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Appendix J – High School Strategies Example

Counselors will:

  • Actively target and enroll poor and underrepresented-ethnicity students for recruitment into college prep courses.
  • Assist in setting up a monitoring system to assess student performance and provide services where needed.
  • Involve families in students’ academic planning, course selections, and options regarding postsecondary choices.

Teachers will:

  • Implement successful instruction using high standards, latest research, technology, cooperative learning, and high-level thinking skills.
  • Actively seek professional growth experiences.
  • Strive for partnerships with parents regarding students’ academic experience.
  • Use assessments and other data on a regular basis to analyze and improve students’ learning.

Administrators will:

  • Set up a system to monitor progress toward increasing the numbers of poor and underrepresented-ethnicity students who enter postsecondary institutions.
  • Evaluate teachers and counselors in ways that recognize improvements in using assessments to guide student progress toward preparing for education and work after graduation.
  • Facilitate structuring time for staff development related to the plan’s objectives.
  • Promote collaboration between teachers, counselors, administrators, students, and parents to meet the plan’s objectives.
  • Analyze student achievement data with staff and use data for improvement of student learning.

Students will:

  • Demonstrate increased awareness of and enrollment in the required courses needed to meet their future career aspirations.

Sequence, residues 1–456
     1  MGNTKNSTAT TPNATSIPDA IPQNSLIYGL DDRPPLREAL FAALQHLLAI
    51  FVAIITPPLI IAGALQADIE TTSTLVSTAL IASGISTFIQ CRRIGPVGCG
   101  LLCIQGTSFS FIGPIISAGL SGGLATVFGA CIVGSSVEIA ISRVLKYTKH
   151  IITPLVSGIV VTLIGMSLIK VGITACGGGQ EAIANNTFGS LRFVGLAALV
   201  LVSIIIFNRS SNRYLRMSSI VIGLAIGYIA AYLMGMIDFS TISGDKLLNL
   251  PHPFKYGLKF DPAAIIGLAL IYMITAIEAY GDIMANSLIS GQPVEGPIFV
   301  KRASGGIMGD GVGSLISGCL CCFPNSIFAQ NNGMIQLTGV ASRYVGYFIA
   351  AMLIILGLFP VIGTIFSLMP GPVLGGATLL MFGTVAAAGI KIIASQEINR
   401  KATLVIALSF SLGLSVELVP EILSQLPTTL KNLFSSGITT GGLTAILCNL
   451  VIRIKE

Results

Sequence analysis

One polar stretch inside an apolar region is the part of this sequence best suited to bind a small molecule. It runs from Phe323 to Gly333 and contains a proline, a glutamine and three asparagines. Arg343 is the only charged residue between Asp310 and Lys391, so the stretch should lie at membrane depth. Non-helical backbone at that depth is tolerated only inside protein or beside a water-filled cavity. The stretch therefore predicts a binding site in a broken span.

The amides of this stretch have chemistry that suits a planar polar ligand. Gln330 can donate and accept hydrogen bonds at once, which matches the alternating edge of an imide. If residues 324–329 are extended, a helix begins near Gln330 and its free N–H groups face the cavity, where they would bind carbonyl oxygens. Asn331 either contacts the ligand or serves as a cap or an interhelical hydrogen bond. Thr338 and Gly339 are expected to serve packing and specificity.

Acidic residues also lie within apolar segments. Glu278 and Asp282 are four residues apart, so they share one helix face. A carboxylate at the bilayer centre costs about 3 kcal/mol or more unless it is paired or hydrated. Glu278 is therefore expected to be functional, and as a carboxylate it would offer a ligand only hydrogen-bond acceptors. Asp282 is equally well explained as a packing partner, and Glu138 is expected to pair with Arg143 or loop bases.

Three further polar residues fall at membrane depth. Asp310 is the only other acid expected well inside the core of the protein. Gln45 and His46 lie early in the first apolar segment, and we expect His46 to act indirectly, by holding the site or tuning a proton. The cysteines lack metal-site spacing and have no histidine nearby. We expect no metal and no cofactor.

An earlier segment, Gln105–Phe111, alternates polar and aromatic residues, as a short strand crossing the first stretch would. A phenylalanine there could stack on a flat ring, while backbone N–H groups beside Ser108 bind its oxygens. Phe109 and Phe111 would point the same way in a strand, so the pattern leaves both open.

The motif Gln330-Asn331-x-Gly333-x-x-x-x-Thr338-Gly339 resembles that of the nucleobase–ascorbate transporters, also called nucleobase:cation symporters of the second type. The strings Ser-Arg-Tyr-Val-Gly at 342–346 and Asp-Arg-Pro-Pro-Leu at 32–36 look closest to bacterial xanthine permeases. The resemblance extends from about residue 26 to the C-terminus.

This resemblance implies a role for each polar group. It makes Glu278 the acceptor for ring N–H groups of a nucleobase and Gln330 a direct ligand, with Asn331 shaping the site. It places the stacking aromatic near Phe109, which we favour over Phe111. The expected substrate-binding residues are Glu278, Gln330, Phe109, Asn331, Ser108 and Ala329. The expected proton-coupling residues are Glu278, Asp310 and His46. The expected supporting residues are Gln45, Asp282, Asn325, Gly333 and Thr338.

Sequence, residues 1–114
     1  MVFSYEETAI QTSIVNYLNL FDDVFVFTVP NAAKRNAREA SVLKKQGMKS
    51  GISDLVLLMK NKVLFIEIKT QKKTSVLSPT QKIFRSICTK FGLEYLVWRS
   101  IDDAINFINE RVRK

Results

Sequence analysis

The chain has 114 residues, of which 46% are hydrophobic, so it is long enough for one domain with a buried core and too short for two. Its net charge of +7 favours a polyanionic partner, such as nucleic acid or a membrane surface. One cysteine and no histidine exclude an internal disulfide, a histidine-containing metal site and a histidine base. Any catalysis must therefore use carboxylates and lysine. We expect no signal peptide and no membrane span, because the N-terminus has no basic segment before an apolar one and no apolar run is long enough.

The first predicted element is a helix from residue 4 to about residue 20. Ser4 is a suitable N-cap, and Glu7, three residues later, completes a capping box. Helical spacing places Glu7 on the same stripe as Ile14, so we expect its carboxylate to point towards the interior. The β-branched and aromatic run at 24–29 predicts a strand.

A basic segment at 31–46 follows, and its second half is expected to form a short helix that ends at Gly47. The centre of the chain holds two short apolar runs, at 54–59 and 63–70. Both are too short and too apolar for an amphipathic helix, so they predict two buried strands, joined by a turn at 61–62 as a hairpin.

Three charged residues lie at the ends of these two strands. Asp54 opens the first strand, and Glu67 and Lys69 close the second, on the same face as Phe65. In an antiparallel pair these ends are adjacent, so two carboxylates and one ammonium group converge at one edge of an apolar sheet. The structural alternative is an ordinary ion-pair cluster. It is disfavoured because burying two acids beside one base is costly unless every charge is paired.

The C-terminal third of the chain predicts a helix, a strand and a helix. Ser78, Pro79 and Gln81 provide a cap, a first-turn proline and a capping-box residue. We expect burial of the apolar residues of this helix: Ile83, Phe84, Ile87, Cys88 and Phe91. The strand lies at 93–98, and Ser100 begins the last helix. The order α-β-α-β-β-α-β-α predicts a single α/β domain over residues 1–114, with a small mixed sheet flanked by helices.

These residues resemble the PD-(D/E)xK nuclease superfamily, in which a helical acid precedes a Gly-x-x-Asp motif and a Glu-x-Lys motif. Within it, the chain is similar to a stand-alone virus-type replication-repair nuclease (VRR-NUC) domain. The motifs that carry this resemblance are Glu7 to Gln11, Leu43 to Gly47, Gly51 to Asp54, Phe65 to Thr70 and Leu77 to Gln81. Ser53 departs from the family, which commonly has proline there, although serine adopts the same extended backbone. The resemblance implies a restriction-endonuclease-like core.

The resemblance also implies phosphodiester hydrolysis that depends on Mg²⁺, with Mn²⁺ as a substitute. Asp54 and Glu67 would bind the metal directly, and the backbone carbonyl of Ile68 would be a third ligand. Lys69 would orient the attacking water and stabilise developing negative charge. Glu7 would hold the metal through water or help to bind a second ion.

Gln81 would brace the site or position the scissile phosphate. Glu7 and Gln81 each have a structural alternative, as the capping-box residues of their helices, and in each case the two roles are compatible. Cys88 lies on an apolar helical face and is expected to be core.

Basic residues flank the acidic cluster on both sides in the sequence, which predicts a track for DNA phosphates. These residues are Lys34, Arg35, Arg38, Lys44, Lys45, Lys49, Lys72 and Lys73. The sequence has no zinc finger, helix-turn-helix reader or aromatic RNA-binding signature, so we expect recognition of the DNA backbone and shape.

• Use a variety of vehicles to voice their ideas and concerns in the school reform process.
  • Feel capable of achieving at high levels and know that their individual aspirations are important.
  • Attend school regularly and on time.
  • Participate more in school activities.
  • Decrease involvement in incidents that lead to suspensions, expulsions, and other disciplinary actions.

Parents and communities will:

  • Use a variety of vehicles to voice their ideas and concerns in the school reform process.
  • Show an increase in knowledge of courses their children should be enrolled in to reach their college and career aspirations.
  • Become informed advocates for closing the achievement gap.
  • Participate in and encourage their child’s educational growth.

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1Permission to use has been granted from Johnson, R. S. (2002). Using data to close the achievement gap: How to measure equity in our schools. Thousand Oaks, CA: Corwin Press, Inc. www.corwinpress.com